But beyond identity structures, visual endorsements and design guidelines, the real challenge is to ‘win hearts and minds’... either to remove concerns within the acquired companies over a perceived loss of brand sovereignty, or market focus. Or at the other extreme, to limit too great a sense of independence, or the creation of ‘silo mentalities’.

Key to success is the ability to manage perceptions and prejudices (sometimes entrenched) that existing subsidiary / sub-brand owners and managers may have.

Close involvement and engagement in the evaluation of the options under consider- ation always helps; as does the sensitive communication of the evolving ‘parental’ strategy and its rationale, along with a clear articulation of the ‘reasons why’ for a particular decision... however pleasing, or painful to the incumbent manager. This is where internal and external research can be invaluable, engaging staff (and external audiences) in the process and providing qualitative and quantitative interrogation and substantiation of the various strategies under consideration.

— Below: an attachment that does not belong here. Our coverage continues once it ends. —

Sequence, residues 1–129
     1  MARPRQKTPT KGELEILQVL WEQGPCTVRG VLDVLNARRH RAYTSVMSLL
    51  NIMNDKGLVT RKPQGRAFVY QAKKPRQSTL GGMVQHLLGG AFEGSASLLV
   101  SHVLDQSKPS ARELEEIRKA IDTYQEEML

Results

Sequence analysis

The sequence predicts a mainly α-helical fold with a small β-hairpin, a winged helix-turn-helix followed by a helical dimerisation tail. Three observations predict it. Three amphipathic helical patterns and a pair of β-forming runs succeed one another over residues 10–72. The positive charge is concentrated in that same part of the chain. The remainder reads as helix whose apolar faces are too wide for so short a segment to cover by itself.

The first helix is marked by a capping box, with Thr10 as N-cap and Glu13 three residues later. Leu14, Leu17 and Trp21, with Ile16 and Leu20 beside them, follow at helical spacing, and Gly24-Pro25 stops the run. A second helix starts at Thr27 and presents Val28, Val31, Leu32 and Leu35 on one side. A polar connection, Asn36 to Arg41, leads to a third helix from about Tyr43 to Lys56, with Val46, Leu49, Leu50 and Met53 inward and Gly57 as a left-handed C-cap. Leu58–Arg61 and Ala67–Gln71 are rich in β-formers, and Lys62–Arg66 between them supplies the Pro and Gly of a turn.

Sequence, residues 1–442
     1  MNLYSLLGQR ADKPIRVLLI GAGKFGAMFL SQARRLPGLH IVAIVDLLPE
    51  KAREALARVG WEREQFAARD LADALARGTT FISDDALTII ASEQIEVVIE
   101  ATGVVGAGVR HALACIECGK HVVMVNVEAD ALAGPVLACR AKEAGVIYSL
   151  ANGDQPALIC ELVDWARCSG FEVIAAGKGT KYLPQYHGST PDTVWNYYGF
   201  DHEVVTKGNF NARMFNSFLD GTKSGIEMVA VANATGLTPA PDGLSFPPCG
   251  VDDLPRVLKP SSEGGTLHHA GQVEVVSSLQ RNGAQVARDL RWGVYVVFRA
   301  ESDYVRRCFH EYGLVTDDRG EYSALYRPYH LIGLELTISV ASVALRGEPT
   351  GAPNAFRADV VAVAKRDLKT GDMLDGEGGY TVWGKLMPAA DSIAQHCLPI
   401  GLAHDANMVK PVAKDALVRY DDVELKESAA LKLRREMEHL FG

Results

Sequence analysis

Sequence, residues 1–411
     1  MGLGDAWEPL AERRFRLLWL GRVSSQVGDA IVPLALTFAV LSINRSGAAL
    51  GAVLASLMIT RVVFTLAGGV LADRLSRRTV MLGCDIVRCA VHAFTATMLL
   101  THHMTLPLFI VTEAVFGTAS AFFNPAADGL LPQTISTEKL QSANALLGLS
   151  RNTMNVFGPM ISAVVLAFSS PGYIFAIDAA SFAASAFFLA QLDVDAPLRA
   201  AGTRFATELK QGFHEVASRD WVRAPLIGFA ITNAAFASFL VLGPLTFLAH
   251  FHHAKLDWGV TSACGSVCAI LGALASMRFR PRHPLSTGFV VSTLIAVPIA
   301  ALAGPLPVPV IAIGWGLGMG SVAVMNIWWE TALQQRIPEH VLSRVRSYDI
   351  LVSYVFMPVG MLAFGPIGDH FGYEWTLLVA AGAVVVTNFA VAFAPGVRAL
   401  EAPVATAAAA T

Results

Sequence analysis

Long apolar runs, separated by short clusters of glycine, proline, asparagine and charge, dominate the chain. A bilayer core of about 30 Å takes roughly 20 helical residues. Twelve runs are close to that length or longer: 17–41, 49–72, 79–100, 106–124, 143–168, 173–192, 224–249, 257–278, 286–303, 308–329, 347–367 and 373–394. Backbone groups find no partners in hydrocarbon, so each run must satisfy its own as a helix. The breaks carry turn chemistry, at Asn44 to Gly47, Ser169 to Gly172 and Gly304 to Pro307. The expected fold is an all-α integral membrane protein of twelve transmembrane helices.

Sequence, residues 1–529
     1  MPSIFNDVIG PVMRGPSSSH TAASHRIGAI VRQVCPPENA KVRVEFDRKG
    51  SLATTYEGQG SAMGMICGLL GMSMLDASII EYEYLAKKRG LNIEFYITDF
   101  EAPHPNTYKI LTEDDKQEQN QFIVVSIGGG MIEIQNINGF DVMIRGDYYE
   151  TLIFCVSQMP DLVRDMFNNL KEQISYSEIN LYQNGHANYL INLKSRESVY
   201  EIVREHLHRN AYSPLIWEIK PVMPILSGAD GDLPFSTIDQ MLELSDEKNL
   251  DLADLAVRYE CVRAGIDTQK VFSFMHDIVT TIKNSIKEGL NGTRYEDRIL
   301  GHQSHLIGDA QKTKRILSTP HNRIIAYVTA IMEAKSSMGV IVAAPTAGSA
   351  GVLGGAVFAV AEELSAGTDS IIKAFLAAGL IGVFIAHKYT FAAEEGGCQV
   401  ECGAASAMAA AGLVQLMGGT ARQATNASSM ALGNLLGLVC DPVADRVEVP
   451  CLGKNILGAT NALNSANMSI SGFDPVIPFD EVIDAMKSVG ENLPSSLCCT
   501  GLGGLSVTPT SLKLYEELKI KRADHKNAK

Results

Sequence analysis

In the final analysis there are two requirements. The first is that any architecture must provide a clear framework; although not necessarily a rigid, inflexible straitjacket that will either antagonise, or earn only tacit adherence. The second is to focus on engaging with all sub-brand ‘owners’ and management; to bring them into the process, so that full assimilation and an open commitment to the strategy is achieved.

This ultimately will ensure that the real value of the chosen architecture will be realised and the optimum model adopted. Perhaps, once again proving that old adage... that the process itself is a key part of the end solution.


It is perfectly possible to transition from one structure to another, over time